Saturday, July 25, 2015

Simply more effective

Check out:

x2 + 2xy + 3y2 = 4 + 5x + 6y

Are there any integer solutions? Yup.

Mathematical techniques where Gauss had a big role with them give one way to reduce it to a simpler form, but I found another.

That reduction to the simpler form using my own research gives:

(-4(x+y) + 10)2 + 2s2 = 166

It's easy to see how I made my example as I just counted up from 1 to 6, and now you can see the reduced form, and can if you wish click the link to see how it was done.

There's a hard to explain satisfaction in mathematics when you can find a simpler way, especially when your hero had the earlier techniques, as Gauss had a big role with early methods, while I've had the luck of being able to innovate and find there was something further along.

And it's fun to discuss, of course, so will do that here.

A reason to reduce to a simpler form is to aid in finding solutions, so let's keep going.

Subtracting 2s2 from both sides the equation above is:

(-4(x+y) + 10)2 = 166 - 2s2 = 2(83 - s2)

And got lucky as no, didn't know years ago when I first thought to use it as demonstration but it DOES have an easy answer, and you can see that 83 - 81 = 2, and get a 4 on the right side. God knows I like lucky!

So you can see that s=9 works, giving -4(x+y) + 10 = 2 or -2, so x+y = 2, or x+y = 3.

And can also easily determine these are the only integer solutions that will work, as s = 9 is as high as you can go without going negative, and only an odd s can work, and none of the other lesser odd values do. Way cool, eh? Just from reducing to another form.

You can solve for x and y also by substituting with the original equation. However you do it, you get two answers.

And x = 4, y = -2, will work or x = 5, y = -2.

Will show with the first which gives:

42 + 2(4)(-2) + 3(-2)2 = 4 + 5(4) + 6(-2)

You can actually fully solve for s as a function of x and y, which was never high on my to-do list. Others have done it in general using math software, and may as well go ahead and give it versus being silly:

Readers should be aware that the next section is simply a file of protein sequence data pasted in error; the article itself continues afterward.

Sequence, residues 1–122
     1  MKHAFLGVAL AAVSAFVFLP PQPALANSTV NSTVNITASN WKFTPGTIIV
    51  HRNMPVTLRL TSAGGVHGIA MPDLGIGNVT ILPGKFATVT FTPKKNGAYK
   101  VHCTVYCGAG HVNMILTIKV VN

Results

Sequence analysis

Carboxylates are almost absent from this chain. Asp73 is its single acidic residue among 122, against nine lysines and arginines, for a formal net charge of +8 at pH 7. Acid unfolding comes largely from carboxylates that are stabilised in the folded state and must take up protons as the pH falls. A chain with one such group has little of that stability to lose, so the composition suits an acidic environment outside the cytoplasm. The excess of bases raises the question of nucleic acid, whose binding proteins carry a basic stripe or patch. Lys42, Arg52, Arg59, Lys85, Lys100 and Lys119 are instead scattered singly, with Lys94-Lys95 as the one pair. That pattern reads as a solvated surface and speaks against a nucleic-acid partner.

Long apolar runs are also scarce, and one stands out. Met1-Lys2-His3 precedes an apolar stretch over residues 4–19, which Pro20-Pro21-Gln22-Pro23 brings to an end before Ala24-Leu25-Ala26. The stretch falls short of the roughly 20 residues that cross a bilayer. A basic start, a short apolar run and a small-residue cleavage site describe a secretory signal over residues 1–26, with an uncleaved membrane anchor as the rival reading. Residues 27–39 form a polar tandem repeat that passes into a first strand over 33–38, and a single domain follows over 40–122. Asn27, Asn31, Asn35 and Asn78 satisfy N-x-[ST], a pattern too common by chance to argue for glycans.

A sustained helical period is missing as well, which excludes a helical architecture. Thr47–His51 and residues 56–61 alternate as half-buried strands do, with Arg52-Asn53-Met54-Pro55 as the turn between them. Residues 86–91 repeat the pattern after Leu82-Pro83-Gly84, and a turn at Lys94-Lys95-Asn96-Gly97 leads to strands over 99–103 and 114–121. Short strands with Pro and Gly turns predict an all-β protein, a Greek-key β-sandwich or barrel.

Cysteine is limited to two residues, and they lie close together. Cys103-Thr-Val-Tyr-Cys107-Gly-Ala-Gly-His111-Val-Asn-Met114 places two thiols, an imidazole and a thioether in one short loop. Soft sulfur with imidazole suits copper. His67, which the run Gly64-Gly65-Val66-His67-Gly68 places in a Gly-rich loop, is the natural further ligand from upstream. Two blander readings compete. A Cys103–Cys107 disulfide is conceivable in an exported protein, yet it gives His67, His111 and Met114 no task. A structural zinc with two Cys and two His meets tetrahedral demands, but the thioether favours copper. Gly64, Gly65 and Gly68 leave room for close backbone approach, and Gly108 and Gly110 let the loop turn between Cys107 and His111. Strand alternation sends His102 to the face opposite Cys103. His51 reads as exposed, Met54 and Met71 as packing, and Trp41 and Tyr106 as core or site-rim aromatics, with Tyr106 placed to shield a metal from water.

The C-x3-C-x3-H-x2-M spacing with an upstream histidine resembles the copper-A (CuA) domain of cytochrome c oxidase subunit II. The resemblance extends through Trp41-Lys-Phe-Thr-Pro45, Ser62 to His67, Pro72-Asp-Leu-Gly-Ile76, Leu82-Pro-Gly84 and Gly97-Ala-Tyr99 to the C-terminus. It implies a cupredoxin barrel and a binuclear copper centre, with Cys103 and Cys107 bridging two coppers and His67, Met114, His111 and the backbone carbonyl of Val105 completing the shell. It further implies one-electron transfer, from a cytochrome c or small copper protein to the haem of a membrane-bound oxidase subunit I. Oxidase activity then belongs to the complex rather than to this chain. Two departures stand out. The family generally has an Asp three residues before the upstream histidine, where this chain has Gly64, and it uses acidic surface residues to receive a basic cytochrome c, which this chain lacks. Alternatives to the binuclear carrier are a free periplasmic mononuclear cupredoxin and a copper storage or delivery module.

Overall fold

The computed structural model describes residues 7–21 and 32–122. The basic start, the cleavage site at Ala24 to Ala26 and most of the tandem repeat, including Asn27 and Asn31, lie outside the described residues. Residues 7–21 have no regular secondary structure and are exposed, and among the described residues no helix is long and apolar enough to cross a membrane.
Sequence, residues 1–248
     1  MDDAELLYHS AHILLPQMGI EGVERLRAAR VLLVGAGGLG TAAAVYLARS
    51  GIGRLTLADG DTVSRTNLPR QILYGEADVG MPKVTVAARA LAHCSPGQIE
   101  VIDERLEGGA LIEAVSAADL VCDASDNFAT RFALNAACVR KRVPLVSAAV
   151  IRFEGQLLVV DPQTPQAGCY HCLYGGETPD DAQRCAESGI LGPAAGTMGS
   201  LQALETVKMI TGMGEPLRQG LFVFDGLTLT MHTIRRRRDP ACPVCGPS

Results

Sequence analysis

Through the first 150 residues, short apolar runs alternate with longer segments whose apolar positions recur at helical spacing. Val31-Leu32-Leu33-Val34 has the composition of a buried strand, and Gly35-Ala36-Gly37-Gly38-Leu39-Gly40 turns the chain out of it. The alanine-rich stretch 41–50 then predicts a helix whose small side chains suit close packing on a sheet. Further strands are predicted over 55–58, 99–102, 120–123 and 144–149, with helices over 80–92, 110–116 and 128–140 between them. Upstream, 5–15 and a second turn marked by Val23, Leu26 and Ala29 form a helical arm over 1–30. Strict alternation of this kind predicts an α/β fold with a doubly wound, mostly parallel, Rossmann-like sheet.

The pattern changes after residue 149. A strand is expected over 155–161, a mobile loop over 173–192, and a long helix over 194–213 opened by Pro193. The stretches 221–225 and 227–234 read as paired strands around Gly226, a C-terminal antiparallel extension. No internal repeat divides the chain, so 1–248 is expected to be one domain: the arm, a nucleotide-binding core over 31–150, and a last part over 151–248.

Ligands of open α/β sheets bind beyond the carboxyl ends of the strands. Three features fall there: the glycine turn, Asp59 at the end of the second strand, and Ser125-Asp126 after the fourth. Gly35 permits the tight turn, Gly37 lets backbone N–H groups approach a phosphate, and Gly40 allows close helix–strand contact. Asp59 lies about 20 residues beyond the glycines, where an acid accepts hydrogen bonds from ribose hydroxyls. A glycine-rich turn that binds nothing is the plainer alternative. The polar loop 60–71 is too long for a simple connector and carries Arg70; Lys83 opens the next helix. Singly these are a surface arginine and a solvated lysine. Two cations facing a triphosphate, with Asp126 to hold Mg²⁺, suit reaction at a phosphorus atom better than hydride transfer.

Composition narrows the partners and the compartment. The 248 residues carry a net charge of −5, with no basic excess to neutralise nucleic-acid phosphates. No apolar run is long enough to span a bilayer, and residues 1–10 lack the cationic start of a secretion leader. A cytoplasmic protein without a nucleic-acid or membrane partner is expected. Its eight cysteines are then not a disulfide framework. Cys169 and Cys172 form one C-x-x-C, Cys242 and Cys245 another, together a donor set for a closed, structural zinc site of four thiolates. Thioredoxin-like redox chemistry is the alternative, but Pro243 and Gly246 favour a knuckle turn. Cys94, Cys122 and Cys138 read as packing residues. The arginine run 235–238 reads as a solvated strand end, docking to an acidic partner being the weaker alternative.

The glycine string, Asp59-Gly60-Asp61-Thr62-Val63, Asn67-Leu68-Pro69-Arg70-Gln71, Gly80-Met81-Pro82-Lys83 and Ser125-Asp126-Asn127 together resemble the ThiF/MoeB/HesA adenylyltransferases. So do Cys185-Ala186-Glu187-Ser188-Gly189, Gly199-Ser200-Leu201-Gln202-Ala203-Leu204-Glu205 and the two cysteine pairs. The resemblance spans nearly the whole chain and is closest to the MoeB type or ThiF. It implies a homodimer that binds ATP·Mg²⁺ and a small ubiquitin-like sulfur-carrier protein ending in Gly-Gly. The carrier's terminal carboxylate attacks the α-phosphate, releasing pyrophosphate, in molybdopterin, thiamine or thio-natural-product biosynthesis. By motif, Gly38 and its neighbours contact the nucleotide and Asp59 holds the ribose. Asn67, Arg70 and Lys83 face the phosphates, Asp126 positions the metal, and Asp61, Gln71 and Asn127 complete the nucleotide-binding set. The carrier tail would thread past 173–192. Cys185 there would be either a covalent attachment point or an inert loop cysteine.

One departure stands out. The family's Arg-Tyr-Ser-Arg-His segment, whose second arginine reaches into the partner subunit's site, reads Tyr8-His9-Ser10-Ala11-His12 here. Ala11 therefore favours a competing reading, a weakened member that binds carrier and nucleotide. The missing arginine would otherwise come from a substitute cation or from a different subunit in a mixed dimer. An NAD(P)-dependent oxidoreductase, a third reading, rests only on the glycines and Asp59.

s = (c2 - 2c1)x - (c2 - 2c3)y - (c6 - c5)

With this example c2 = 2, c1 = 1, c3 = 3, c6 = 6, and c5 = 5, as I did that on purpose.

So s =  4y -1, and -9 works, to give y = -2. Am slipping in here as it's one of  the few results I have where others figured it out first, but they just plugged everything into math software, so it's not like they did any real work. Like to keep this blog exclusively my findings.

There's an odd feeling when you see the numbers behave as your research says they should. Will admit find it comforting, but also feel a bit odd. I found it. Wonder what Gauss would say to me if he were still alive.

If you think my claim of a better approach ludicrous then reduce the given equation using other techniques.

To see more you can check out my post on concepts in binary quadratic Diophantine equations.

That method for reducing to a simple form does something interesting when confronted with an equation already in a simpler form:

u2 + Dv2 = F

as it gives you back an equation that is also in that form:

(u-Dv)2 + D(u+v)2 = F(D+1)

And I've used that a lot and talk about it a lot, where you may not know it comes from using a method to reduce binary quadratic Diophantine equations that improves upon techniques pioneered by Gauss. And Gauss is a major hero of mine in the mathematical field.

One social problem I've seen is when people who lack even the most basic math knowledge cast judgement because they have no clue how these things work, but can react to a statement on a feeling. Math does not care about your feelings.

Actually some things I do really relate a lot back to him, for instance, I read that he kept up with news by relying on lots of newspapers. And it is remarkable to consider this man of a different time, using the tools available, having all these physical newspapers mailed to him from all over. Clearly it was important to him.

While today I can rely for lots of news on Twitter, as well as other web sources, where yeah, part of the reason for making more effort there is trying to emulate Gauss, and I have it so much easier than he had it.

Originally I was frustrated with why a better and more simple way to do something, like reducing binary quadratic Diophantine equations wouldn't be cheered loudly, as it took over. And you know? The mathematical community DID apparently pick it up quickly. And is using it.

And why wouldn't they? Can you think of a reason? I can't.

Can you think of why some people though, might prefer less effective, more complex techniques? I can.

Simplifying mathematics is a joy. And apparently has endless power. I could go on and on, with things I've done with just this one thing. Oh yeah, I have, on this blog.

James Harris

No comments: